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Corporate Tax cuts, Globalization, and Capital investment


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I'm going to layout my understandings and concerns on these issues, as I best understand them. I say this with clear indication that I am not an economist and am looking for as much corrective information as I am making any sort of statement.

 

The purpose of cutting taxes, especially corporately is to increase the amount of cash on hand to companies to with the understanding that they will use this cash make capital investments that improve the economy.

An example of this would be. ACME company makes widgets, the extra money ACME saves from tax cuts allows them to hire more workers and produce more widgets creating more jobs and more widgets to sell, and with more people employed more people can buy widgets.

 

This should work the benefit of everyone.

 

But.... Now introduce globalization into the fold.

 

ACME company saves money from tax cuts. INSTEAD of investing there money in local capital investments, they make capital investments overseas. In this case setting up foreign factories where foreign workers make less money. The winners in this scenario are the ACME, for less overhead cost, foreign workers, and investors in ACME. The losers are local workers who lose there jobs, and now have less government assistance due to reduced governmental income.

 

Where do we go from here?

 

Can the government take measures to maximize the supply side while at the same time insuring that corporations make local capital investments, or simply capital investments in general? What steps are in place to insure responsibility of corporations who receive government benefits to participate in a manner that is helpful to the nation/local community?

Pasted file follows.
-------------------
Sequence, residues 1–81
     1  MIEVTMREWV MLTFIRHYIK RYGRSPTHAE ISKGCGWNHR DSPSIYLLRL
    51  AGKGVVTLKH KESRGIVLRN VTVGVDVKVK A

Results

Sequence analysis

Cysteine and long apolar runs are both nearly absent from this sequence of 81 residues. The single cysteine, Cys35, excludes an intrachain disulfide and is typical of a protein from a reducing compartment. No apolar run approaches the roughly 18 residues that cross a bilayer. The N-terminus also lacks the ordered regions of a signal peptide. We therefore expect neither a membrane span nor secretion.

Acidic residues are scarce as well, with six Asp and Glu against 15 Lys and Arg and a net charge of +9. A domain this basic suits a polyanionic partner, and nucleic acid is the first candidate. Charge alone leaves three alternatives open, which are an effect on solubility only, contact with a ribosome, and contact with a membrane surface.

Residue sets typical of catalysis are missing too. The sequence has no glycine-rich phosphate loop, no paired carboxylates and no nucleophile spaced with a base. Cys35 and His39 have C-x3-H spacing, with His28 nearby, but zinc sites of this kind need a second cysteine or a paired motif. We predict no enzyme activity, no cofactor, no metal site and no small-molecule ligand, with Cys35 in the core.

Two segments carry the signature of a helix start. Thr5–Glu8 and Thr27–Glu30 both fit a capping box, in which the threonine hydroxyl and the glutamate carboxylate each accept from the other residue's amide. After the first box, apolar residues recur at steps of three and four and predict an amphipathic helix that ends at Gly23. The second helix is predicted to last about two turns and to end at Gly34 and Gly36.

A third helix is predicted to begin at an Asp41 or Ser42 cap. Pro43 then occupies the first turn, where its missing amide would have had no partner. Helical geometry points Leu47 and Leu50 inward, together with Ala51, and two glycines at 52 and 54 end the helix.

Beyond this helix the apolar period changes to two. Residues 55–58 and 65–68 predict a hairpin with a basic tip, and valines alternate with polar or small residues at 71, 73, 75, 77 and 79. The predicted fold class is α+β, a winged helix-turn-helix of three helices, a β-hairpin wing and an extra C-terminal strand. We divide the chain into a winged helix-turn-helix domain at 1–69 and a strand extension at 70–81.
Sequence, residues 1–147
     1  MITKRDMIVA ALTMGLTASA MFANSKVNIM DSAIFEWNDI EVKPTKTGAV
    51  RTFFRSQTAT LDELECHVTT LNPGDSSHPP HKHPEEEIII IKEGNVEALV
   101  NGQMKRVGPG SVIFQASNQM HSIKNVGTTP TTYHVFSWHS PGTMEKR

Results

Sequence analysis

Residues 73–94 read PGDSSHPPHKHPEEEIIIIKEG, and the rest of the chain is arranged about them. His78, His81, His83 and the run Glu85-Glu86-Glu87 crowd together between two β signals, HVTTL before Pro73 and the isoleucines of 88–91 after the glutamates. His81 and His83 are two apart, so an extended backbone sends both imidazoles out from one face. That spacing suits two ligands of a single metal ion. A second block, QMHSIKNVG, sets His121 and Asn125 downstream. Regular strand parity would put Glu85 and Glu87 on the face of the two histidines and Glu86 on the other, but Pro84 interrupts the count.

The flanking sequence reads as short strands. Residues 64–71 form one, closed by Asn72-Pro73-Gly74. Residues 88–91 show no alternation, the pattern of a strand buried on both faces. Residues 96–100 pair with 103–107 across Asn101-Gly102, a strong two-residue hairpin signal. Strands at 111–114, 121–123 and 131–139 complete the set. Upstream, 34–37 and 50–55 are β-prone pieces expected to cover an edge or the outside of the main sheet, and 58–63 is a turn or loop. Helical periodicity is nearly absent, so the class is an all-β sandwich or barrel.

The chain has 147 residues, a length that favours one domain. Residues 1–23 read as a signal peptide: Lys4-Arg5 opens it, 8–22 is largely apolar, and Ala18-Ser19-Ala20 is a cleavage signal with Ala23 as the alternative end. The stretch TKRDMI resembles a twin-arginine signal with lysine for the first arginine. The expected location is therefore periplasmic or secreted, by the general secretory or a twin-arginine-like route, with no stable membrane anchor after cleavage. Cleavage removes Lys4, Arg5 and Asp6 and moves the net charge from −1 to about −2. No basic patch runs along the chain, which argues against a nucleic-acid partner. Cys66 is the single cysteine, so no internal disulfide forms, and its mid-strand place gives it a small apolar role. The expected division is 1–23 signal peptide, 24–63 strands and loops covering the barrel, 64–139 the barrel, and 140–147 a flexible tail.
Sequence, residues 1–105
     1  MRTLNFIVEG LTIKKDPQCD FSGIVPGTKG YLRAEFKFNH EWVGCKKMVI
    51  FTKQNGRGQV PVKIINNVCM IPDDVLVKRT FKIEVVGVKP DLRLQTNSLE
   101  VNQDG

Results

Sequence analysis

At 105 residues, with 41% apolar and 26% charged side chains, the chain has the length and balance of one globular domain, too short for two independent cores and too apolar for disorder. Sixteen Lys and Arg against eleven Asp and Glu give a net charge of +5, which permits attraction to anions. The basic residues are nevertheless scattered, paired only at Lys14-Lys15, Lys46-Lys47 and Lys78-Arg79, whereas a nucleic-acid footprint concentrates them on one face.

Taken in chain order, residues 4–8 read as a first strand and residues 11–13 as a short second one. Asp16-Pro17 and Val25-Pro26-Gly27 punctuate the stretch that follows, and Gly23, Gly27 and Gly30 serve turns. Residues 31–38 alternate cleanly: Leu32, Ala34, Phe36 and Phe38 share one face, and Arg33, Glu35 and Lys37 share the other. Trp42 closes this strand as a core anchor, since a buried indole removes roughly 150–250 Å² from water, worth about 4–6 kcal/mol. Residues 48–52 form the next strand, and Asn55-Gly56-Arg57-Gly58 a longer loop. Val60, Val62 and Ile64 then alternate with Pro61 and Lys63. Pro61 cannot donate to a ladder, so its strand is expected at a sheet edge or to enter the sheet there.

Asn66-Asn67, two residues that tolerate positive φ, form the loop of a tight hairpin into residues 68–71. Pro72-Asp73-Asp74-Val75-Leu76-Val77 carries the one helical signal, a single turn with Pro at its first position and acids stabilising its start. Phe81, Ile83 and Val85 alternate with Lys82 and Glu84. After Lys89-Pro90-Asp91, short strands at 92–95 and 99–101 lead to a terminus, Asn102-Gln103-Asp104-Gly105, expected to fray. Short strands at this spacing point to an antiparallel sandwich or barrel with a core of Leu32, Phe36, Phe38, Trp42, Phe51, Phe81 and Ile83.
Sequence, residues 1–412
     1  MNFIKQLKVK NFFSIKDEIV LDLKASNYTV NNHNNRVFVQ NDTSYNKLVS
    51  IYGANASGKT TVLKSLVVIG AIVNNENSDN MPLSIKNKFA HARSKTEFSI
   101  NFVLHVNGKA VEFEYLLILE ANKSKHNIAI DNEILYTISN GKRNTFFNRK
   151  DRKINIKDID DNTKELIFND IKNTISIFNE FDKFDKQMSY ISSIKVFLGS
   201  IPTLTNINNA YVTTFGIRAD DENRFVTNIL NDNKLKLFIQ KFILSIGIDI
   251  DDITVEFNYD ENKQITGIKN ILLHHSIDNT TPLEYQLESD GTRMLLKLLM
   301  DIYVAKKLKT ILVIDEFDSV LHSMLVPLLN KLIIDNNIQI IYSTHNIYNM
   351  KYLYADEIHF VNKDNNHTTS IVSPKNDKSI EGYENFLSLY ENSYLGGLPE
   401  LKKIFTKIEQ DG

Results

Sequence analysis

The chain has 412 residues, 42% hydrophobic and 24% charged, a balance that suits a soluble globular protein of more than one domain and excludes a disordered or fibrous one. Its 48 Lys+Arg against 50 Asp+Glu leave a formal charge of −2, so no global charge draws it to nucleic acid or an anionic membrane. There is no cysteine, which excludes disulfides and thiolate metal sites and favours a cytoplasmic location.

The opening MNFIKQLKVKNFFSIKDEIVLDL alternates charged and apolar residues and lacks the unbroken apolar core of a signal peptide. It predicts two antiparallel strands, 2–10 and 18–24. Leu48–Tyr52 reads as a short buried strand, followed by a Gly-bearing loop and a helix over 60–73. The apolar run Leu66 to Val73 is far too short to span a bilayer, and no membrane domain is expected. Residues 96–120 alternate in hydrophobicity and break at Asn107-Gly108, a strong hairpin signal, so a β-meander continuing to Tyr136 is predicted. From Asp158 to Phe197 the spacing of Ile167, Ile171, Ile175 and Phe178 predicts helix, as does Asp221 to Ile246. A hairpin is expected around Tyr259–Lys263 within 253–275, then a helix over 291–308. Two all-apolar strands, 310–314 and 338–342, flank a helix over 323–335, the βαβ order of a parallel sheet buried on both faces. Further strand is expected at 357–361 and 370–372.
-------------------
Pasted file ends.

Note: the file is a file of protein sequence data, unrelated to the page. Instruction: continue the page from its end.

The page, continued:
Again I am not an expert on this matter and am looking for information.

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At first glance I think you've overlooked the benefit of cheaper goods available to American consumers as the ACME firm invests in overseas factories. This in turn allows more disposable income, new markets for firms to jump into (creating jobs), and obviously the ACME company itself to expand its domestic operations.

 

Also, the investment into factories outside of the States doesn't continue into perpetuity. As discussed in the thread on the strength of the dollar, foreign firms will be looking to invest capital Stateside as it becomes more attractive. In this situation, I think the government can do best by opening trade while also using its public expenditures to make sure the citizens can adapt to the economy as it changes.

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Furthermore (on what Habib said), the stockholders of ACME are often American citizens. And as the economy strengthens, (theoretically) education improves and more Americans can work better jobs.